TikTok does not reveal in detail whether, or how much, it uses ByteDance’s technology. But, according to Cao Huanhuan, principal research engineer at ByteDance, several of the company’s short video apps, including Douyin, use the same content recommendation system (link in Chinese) as Toutiao, the news aggregator. “ByteDance was the first company worldwide to have achieved the fully automation of the content recommendation system…The system is intelligent and can adjust its recommendations based on both positive and negative signals, such as the number of times a video has been viewed,” Cao said in a speech (link in Chinese) at a tech conference in China in 2019.
So, a teen in the US might see loads of TikToks about the upcoming US presidential election or Selena Gomez dancing with friends to her new song “Rare.” One in the western Indian state of Maharashtra might be fed videos of a small shopkeeper in a loud floral shirt dancing jubilantly. Meanwhile, on Douyin, users are seeing bored citizens playing mahjong or dancing in their living rooms to pass the time during a coronavirus outbreak that has stopped them from going out.
“The technology can quickly analyze what users like to watch in different countries and recommend more content like that, which is as powerful as a localization strategy can get for apps,” says William Bao Bean, a general partner at SOSV, a global venture capital firm that has invested extensively in China.
That’s been crucial to TikTok’s success in India, where the mass audience, in contrast to those in China, lives mostly in lower-tier cities. “It challenges one basic assumption about regional Indian audiences—that they are not comfortable recording their videos,” says Yashwant Kumar, CEO of Hyderabad-based digital firm, GenY Medium. “Apps like Vine and Periscope never really took off in India as they focused on the ‘premium’ users, instead of regional masses.”
There are other traits that distinguish TikTok from its rivals. The minute you open the app, even before you’ve created an account, it immediately starts to play a vertical video that occupies your mobile phone’s full screen. There’s no loading page or “content you may like” section that requires you to initiate engagement; instead, it acts like a bossy friend who puts stuff in your face without your approval. The app also does not show the time on your phone on its interface, nor does it show any other items such as the carrier information—small but tiny details that add to the immersive experience.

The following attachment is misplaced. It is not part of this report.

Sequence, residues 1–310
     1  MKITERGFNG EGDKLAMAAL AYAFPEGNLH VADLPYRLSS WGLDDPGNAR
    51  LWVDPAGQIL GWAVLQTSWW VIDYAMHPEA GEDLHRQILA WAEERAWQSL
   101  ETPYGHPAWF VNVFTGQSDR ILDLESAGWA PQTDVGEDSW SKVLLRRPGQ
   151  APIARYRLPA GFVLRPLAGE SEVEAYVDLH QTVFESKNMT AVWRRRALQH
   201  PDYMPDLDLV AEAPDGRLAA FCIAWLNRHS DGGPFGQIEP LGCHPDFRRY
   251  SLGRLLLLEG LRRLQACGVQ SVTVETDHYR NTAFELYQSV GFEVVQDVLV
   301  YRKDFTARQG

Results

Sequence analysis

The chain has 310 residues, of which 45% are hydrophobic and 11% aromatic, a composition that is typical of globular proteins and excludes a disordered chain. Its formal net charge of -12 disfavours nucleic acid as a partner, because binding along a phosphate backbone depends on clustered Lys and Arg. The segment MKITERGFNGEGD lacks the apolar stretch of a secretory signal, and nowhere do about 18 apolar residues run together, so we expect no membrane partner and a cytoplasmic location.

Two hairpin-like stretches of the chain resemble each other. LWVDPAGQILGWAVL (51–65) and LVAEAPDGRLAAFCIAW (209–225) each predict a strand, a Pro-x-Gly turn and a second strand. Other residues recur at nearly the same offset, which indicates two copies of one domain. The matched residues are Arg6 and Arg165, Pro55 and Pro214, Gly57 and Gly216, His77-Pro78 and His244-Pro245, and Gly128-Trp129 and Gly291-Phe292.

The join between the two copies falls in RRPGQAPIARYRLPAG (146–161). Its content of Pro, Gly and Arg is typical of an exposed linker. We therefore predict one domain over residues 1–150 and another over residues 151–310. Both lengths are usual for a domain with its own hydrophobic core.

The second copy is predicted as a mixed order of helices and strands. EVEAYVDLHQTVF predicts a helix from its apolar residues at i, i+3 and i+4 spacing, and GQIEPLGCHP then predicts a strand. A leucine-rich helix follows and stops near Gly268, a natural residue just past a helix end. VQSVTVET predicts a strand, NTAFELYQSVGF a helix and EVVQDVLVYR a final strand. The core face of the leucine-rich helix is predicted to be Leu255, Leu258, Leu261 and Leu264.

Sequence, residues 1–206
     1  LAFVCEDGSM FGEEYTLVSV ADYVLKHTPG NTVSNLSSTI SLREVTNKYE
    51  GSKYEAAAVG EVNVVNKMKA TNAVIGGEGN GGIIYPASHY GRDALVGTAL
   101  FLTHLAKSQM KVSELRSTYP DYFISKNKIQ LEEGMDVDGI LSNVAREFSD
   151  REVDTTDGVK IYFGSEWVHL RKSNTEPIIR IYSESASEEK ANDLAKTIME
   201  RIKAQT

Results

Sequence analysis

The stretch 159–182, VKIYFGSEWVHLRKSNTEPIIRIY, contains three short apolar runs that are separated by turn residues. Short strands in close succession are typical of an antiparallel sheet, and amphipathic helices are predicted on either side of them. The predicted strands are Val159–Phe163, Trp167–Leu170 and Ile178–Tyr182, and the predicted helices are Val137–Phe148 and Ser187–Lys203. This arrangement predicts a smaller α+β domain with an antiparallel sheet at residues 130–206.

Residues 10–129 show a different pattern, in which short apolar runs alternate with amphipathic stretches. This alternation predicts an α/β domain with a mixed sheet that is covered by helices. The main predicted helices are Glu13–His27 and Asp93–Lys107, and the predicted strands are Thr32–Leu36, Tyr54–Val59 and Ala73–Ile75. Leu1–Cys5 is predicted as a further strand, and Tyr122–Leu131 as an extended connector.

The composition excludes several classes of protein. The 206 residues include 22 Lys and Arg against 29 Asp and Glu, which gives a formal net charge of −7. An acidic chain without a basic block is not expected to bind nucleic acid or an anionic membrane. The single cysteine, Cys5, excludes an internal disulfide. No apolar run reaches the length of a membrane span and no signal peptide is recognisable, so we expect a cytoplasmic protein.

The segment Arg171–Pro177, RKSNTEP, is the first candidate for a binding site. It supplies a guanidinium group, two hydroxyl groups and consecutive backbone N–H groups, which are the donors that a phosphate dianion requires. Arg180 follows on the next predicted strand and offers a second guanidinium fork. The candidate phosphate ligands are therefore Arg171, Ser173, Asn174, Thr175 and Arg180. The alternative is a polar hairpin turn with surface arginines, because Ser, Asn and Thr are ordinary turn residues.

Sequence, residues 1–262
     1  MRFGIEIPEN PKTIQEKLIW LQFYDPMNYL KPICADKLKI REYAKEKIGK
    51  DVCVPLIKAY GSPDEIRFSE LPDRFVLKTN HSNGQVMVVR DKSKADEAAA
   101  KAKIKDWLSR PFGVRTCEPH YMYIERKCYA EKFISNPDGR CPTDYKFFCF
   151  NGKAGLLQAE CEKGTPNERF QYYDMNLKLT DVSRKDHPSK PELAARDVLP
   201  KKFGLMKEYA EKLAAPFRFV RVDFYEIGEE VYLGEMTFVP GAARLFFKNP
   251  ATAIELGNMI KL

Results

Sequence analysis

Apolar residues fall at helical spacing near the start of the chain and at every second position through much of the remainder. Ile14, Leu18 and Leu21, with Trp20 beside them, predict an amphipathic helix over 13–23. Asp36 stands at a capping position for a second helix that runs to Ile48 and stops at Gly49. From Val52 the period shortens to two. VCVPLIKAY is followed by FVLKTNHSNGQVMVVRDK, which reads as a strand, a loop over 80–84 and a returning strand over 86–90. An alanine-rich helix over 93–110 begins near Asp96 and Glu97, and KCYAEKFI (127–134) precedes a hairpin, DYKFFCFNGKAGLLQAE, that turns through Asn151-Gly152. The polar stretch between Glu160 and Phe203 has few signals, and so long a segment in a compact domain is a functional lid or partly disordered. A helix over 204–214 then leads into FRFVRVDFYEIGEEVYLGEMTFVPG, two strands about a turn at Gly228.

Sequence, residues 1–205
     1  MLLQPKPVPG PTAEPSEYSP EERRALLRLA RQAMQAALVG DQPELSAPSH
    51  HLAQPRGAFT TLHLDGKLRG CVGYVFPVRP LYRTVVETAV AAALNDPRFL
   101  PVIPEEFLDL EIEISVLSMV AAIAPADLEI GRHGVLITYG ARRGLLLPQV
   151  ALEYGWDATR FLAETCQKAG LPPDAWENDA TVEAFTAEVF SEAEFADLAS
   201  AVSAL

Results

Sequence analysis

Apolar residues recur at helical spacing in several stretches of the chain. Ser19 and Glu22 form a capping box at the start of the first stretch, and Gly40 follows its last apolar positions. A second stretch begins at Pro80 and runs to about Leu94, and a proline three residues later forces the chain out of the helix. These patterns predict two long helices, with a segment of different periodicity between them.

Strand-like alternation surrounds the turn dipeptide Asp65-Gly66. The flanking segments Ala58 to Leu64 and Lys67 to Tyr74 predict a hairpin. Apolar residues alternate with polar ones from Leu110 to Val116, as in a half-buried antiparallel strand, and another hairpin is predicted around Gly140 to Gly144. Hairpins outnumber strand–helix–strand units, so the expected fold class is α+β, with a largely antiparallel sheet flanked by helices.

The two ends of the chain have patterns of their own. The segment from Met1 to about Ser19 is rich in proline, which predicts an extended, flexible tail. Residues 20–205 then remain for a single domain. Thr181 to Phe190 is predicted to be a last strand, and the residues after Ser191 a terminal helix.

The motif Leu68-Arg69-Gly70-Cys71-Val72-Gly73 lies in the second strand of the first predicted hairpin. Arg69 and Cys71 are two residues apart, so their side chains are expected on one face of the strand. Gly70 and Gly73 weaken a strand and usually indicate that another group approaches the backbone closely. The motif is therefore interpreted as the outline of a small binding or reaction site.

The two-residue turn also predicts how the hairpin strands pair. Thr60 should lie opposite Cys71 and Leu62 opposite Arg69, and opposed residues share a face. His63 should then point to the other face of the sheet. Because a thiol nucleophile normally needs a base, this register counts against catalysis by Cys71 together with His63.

“This design is aimed at making you concentrate on the app fully, just like how casinos usually have no windows to minimize the distractions,” wrote Lie Yun Wang, a Chinese tech media outlet, in an analysis of Douyin.
The popularity of the app is gradually bringing it opportunities to monetize—TikTok earned $177 million in revenues globally last year, according to Sensor Tower, with the last quarter of 2019 its best quarter ever. (That figure is small by the standards of major social platforms. For comparison, Snap brought in three times that revenue just in its last quarter.) Most of that revenue was from Chinese spenders, while the US accounted for about a fifth of spending. It makes money through in-app purchases, including sales of coins that can be used to purchase virtual gifts by users over the age 18 to reward TikTok creators—a “tipping” concept that WeChat pioneered first.
ByteDance will also try to replicate its success in online advertising in China on TikTok. The app introduced ads a year ago, presented mainly in three ways: a launch screen ad, in-feed videos, and hashtag challenges, which allow brands to create themes under which TikTok users can post related videos. The ads can cost hundreds of thousands of dollars. Hashtag challenges, for instance, can cost around $150,000 a day, according to Ad Age.
As TikTok explodes in popularity, it has supercharged interest in short video. Armed with the realization that millions of young people obsessively make, like, and share clips, existing social media companies and startups have raced to copy the app.
It’s hard, though, to define the boundaries of TikTok’s competition. Time spent on TikTok doesn’t just vie for time on Snapchat or Instagram—it’s also up against Netflix, and sleep, and paying attention in class. In China, TikTok competes against other Chinese short-video apps, and in the US, it grapples with a global set of copycats. Depending on geography, target audience, and function, one could argue that TikTok competes against everything.